“There was one night, Lawrence Frank was coaching us, and I’d just been inducted into the New York City Basketball Hall of Fame in 2004. We were on the ride home from the game and Lawrence is on the radio and Jason [Kidd] might have had 27 points, 12 rebounds and nine assists. On the radio [Frank] goes, ‘I don’t understand. If Herb Turetzky’s such a Hall of Fame scorekeeper, how come he couldn’t find another assist for Jason to get another triple-double tonight.’ I was embarrassed, but it was funny.”

On watching Shaquille O'Neal rip down a basket with his son David, then a ball boy, close by:

“He was sitting on the stanchion, to the right of the basket. When the stanchion started coming down, you see the pictures in the newspapers, you see David’s feet. Reebok put out an ad for the sneaker stores the following season showing that happening and you can see David right there in the picture. When that ad came out in the sneaker stores, I got a copy of it. Shaq autographed it, ‘Dave, stay away from the basket.’”

On the back-to-back NBA Finals teams in 2002 and 2003:

"It was electric. You had a team of deer running down the floor.”

On his wife, Jane, taking one for the team during a preseason game at Nassau Coliseum:

“We’re playing the Knicks. Jane was sitting right behind the bench in the front row. I’m sitting in center court. The ball goes loose, flying over the way LeBron [James] went into the fifth row the other night. Jim Chones [the team’s first-round pick at the time, in 1972-73] chased the ball and jumped over the Knicks’ bench, crashed into Jane, knocked her out cold. I’m sitting courtside. I look over to my left, and I see her down on the floor. We got a ballgame; I couldn’t leave. The ball was inbounded and we had to keep going.”

Jane Turetzky was revived and turned out to be OK that night.

“I have a love affair with him and he has the love affair with the game,” she said.

If the Nets force a Game 6 against Miami, Turetzky will be in his seat again, working his 1,269th straight game.

Jake Appleman is the author of “Brooklyn Bounce: The Highs and Lows of Nets Basketball's Historic First Season in the Borough.”

Clips, Warriors at odds with foul judgments

April, 19, 2014
Apr 19
9:58
PM ET
Shelburne By Ramona Shelburne
ESPN.com
Archive

LOS ANGELES -- The narrative leading into this first-round playoff series between the Los Angeles Clippers and Golden State Warriors was that some sort of MMA fight was liable to break out at any time.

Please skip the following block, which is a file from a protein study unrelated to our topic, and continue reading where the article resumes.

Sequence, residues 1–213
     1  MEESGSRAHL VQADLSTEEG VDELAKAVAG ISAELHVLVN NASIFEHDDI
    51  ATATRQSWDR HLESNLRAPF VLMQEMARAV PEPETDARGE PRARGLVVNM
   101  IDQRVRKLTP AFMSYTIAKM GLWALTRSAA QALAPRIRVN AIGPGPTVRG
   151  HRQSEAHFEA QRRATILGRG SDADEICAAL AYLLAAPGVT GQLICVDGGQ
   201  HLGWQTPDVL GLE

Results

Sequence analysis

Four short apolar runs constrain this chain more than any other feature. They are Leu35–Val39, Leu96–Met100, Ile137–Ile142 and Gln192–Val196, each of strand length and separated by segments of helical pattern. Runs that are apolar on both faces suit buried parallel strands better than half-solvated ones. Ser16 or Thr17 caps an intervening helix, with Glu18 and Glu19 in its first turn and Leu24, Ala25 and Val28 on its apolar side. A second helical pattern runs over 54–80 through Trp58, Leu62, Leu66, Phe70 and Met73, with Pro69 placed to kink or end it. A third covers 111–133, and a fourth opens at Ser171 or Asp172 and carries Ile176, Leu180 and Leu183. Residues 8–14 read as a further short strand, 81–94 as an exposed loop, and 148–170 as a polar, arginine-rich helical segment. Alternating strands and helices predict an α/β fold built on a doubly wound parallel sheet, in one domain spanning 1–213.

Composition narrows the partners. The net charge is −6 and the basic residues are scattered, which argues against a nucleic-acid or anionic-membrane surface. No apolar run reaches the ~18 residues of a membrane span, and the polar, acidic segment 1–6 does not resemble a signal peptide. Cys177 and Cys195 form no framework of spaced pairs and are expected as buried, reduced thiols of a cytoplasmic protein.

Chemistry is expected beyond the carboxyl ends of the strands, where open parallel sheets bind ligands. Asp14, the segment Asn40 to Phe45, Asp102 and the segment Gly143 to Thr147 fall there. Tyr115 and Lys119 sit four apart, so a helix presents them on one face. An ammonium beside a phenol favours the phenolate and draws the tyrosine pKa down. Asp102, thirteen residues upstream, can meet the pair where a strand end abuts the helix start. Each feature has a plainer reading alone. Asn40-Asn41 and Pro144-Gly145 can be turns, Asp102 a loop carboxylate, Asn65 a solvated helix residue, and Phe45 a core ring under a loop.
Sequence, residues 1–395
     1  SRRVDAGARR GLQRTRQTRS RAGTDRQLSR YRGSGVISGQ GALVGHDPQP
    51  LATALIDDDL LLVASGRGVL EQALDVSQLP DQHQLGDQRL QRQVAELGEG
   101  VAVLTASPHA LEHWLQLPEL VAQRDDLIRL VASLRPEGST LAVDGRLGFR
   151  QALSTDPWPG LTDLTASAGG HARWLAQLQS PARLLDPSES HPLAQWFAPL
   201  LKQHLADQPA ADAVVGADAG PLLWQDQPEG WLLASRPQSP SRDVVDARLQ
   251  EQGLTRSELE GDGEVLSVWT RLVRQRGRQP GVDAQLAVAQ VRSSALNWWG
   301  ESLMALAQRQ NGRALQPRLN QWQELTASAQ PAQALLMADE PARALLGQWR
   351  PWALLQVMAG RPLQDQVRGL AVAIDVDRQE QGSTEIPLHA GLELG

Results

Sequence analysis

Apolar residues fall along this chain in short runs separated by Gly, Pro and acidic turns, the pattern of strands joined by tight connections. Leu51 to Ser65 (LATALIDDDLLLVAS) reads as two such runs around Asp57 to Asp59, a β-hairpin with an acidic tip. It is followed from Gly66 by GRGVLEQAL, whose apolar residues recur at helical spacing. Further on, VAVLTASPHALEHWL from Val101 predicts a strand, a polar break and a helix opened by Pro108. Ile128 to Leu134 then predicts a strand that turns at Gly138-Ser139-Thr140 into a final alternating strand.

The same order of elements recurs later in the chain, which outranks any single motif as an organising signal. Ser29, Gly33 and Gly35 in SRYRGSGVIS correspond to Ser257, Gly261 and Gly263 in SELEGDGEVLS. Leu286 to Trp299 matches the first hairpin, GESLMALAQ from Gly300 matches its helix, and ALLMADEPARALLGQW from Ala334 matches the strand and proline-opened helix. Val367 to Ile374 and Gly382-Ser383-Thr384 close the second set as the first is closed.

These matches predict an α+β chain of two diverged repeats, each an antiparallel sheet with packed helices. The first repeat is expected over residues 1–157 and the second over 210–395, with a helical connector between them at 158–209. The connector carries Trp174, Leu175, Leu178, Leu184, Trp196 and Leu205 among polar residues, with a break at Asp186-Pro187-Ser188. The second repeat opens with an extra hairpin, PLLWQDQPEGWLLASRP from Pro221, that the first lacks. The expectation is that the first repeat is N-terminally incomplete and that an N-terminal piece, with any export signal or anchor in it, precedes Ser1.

These teams really don’t like each other!

No really, there’s bad blood!

Bad things could happen!

Beware!

So, naturally, the first game was refereed with extreme caution, and the end result had two of the best players in the series -- Blake Griffin and Andre Iguodala -- sitting on the bench at the end of the Warriors' thrilling 109-105 win.

"I thought all the hype absolutely had an impact on how the game was called," Clippers coach Doc Rivers said. "There’s no doubt about that. A lot of tight, touch fouls. I thought Blake, of the six [fouls], three of them were probably touch fouls. Same thing with [Chris Paul, who had five fouls].

"But the way I look at is, both teams have to play under the same rules. They did a better job of playing under the same rules that we had to play under."

In all, the referees in Saturday’s game called 51 fouls, 29 in the first half, in which Iguodala collected four fouls in 11 minutes and Griffin was limited to less than four minutes with three fouls.

The 51 fouls is not an obscene number -- the four regular-season games between the teams averaged 47 fouls -- but it did seem to affect both the flow and outcome of the game.

"It's frustrating," said Iguodala, the Warriors' best perimeter defender. "Because you put in so much work for these moments. To have a few things not go your way and you know you're not wrong, it can be tough."

For his part, Griffin thought it actually took the expected physicality of this series out of the game.

"To be honest, it felt like just a regular-season game as far as the physicality goes," Griffin said. "I know the series we played last year [against the Memphis Grizzlies] and the years before that were way, way, way more physical. So it’s kind of hard to know what you can get away with and what you can’t.

"But I just I have to be smarter in that area and not put us in that situation."

Or maybe things will just loosen up and Griffin and Iguodala will be able to influence the series, like one would’ve expected.